There's a lot of talk these days about disruption and disruptors. But there used to be another name for those who challenged norms: trailblazers. You might also have heard them called rebels, visionaries, or iconoclasts.
A look back through history reveals the crucial junctures and brave fighters who stepped in to increase fairness, crash through boundaries, and ask simultaneously, “Why?” and “Why not?”
Just last year, the documentary “Citizen Four,” profiling NSA whistle-blower, Edward Snowden, carried on this vital tradition and won an Oscar for Best Documentary Feature.
As that riveting film demonstrates, inspired risks make for compelling narratives, but mostly it's the intention behind these risks that resonates across time.
The desire to break free from injustice and repression, and forge a new world fueled by creativity, courage and innovation, makes these stories essential. They record the vital path of human progress.
Here are just a few of my favorites.
Martha Graham: Dance on Film (1959)
Rebel: Martha Graham, modern ballet innovator, choreographer, and the “Picasso of Dance.”
Cause: Bringing real issues onto the dance stage, such as the privations of the Depression, or the human and political issues behind the Spanish Civil War.
Revolutionary Impact: Graham created modern dance as we know it, inventing a new vocabulary of motion. Her company is the oldest in America, and her artistic risks have informed countless subsequent choreographers and performers.
The Eleanor Roosevelt Story (1965)
Rebel: Eleanor Roosevelt, controversial, outspoken, and active in areas of public life never before touched by a First Lady.
Cause: Human rights, broadly. More minutely, a spectrum of needs, such as rights for women, racial equality, economic fairness, education, health and nutrition, to name a few.
Revolutionary Impact: She was the first First Lady to hold a press conference, and brought feminism to the public stage of the White House. A model of progressive fortitude and tireless beneficence, Eleanor Roosevelt crafted a new form of political power- not just for women, but for us all.
The Times of Harvey Milk (1984)
Rebel: Gay activist and first openly gay San Francisco City Supervisor, Harvey Milk was gunned down inside City Hall by “Twinkie Defense” shooter, Dan White.
Cause: Decriminalization of homosexuality and civil rights for gay Americans.
Revolutionary Impact: Without Milk, marriage equality, and acceptance of openly gay men and women in politics, would likely still be a dream, rather than a swiftly emerging reality. It's tragic that Harvey did not live to see all the progress he made possible.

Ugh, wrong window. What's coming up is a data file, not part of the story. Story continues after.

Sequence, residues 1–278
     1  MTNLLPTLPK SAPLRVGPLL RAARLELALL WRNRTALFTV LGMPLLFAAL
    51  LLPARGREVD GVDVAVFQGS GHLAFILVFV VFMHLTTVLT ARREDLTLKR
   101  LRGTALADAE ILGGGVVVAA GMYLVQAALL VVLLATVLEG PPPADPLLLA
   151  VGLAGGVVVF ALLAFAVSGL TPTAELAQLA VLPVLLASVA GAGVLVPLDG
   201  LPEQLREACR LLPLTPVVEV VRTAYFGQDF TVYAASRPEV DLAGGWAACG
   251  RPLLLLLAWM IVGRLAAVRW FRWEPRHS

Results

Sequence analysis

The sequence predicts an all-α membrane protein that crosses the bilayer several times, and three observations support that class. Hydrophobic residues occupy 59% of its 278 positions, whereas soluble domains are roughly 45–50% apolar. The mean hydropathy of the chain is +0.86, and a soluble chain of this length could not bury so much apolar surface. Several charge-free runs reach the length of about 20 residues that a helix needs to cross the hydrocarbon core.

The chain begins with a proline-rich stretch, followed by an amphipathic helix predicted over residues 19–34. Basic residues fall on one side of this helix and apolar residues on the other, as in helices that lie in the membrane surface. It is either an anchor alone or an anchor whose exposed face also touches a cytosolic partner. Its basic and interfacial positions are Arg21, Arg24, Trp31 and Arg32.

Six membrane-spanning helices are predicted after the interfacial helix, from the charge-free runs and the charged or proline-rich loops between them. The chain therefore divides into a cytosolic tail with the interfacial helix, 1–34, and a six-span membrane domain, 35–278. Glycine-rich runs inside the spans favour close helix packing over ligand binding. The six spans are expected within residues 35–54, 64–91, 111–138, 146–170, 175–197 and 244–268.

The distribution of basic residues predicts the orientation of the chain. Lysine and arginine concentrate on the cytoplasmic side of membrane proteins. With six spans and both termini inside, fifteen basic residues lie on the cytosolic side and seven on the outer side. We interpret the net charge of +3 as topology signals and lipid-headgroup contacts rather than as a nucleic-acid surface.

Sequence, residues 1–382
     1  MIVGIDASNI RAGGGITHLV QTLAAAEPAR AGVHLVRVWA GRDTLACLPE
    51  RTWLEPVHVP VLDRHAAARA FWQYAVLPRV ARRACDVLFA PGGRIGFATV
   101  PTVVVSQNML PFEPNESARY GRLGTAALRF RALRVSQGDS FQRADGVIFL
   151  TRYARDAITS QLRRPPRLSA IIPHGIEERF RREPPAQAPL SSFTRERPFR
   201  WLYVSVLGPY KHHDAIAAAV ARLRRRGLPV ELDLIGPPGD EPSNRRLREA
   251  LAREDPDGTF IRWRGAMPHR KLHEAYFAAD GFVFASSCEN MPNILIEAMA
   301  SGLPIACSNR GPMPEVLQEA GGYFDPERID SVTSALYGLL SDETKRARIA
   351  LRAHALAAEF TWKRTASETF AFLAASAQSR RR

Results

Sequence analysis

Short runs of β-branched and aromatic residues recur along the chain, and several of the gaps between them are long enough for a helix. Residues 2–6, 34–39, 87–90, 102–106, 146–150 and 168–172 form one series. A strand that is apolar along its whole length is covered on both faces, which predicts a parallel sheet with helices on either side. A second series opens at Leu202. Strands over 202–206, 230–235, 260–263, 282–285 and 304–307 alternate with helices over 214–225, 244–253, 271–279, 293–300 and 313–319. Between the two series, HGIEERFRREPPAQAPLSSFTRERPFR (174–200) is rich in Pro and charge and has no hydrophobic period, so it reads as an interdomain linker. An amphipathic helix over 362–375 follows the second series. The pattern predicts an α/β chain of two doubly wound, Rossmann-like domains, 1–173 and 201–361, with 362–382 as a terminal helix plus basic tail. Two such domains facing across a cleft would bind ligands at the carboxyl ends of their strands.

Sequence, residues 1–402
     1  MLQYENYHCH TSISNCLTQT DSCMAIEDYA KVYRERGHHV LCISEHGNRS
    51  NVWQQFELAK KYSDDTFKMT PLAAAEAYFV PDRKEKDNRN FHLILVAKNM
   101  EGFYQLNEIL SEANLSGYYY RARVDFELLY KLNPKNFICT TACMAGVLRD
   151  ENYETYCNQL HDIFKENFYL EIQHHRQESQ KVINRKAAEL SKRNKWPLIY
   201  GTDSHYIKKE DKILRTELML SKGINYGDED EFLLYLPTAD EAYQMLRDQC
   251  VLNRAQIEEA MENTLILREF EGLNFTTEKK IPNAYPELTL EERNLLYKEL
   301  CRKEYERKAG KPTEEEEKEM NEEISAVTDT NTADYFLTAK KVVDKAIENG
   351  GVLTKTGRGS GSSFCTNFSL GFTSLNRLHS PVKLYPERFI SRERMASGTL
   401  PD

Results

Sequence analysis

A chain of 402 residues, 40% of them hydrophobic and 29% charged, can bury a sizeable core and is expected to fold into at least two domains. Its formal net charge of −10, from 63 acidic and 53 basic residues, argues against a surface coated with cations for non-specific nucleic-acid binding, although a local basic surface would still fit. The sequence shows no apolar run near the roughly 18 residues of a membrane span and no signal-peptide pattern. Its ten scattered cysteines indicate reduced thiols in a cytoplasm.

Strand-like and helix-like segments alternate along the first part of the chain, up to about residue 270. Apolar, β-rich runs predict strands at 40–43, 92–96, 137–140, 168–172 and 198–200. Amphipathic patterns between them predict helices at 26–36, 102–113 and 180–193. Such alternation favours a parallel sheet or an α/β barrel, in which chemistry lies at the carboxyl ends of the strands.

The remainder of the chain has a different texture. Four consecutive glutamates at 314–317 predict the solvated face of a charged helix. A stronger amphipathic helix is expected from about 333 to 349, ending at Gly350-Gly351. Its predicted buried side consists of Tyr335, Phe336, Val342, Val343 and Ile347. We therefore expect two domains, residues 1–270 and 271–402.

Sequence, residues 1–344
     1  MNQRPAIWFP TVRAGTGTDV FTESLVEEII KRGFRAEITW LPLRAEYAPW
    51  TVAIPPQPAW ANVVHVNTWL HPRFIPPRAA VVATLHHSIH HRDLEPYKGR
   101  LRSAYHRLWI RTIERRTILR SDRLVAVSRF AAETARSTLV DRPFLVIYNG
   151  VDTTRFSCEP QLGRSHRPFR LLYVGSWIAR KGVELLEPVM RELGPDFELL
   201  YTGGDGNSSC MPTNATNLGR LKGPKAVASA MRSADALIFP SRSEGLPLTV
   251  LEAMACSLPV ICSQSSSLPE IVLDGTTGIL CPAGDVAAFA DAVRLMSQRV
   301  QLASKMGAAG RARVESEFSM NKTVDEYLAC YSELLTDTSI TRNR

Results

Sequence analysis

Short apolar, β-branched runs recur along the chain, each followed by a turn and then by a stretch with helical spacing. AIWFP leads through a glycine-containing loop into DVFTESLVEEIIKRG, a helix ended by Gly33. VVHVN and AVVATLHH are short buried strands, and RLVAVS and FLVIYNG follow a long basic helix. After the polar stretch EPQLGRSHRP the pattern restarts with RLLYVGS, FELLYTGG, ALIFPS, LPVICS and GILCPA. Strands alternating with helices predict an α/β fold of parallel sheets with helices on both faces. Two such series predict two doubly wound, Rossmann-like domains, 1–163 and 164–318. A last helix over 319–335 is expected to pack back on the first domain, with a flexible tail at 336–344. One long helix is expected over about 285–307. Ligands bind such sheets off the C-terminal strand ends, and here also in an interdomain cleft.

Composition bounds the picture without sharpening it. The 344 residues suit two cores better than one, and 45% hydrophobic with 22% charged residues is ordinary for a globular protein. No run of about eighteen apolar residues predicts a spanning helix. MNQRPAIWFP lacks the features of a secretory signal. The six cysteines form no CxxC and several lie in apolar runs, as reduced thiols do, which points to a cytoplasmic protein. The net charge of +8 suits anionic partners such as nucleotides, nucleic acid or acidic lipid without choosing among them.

Rebel: Dutch Post-impressionist painter Vincent van Gogh, impoverished and tortured interpreter of beauty.
Cause: Re-imagining artistic forms by studying scenes of peasants and ordinary life, shunning-and being shunned by-society, as his own brilliant madness wrought a purity of artistic vision.
Revolutionary Impact: What came after: Expressionism and Abstract Expressionism. Unquestionably, Van Gogh was one of the foremost trailblazers for modern art. And for all that, he earned a pittance in his lifetime.
Berkeley in the Sixties (1990)
Rebel: Mario Savio, leader of the Free Speech Movement.
Cause: Lifting the ban on student support of off-campus political causes, and encouraging students to question openly the social and political forces governing the country.
Revolutionary Impact: Mass protests in support of the FSM galvanized the student body in unprecedented numbers, and created the culture of youth activism that continues on campuses to this day. It's the stuff our country was founded on.
Bowling for Columbine (2002)
Rebel: Rabble-rousing documentarian Michael Moore.
Cause: In this instance, gun control. Tracing America’s relationship to firearms through the lens of the epochal high school massacre in Columbine, Colorado, Moore presents an unassailable argument for reducing the number of guns in this country.
Revolutionary Impact: Moore’s collection of authority-busting films uses comic irony and the voices of ordinary people to confront obsolete ideas and unjust institutions. In Moore’s hands, entrenched systems are given a platform for potential transformation.
Super Size Me (2004)
Rebel: Morgan Spurlock, disruptor of fast food corporate messaging.
Cause: Spurlock documented his experience of eating only at McDonald's for a month. In so doing, he uncovered the truth behind global efforts to push people to consume the junk food that made him physically and psychologically unwell.
Revolutionary Impact: By using himself as a guinea pig, Spurlock illustrates, shockingly, just what a diet consisting of fast “food” does to the human body. His thirty days under the Golden Arches is a testament to the terrible toll taken by this kind of poor nutrition, a toll taken on millions of people every day.
An Unreasonable Man (2006)
Rebel: Consumer advocate Ralph Nader.
Cause: Initially, auto safety. Later “citizen power”, and the formation of a third political party.
Revolutionary Impact: For a start, seatbelts and airbags. After that, humanitarianism, environmental conservation, economic oversight, and independent advocacy for the public in most every area that contributes to quality of life.
Freedom Riders (2010)
Rebels: Over 400 men and women who rode buses together into hostile territory: the segregated South.
Cause: Overturning Jim Crow laws and fighting for civil rights for African Americans.
Revolutionary Impact: Finally, a measure of racial justice came to the United States, using non-violence and leveraging a common unity and dignity.
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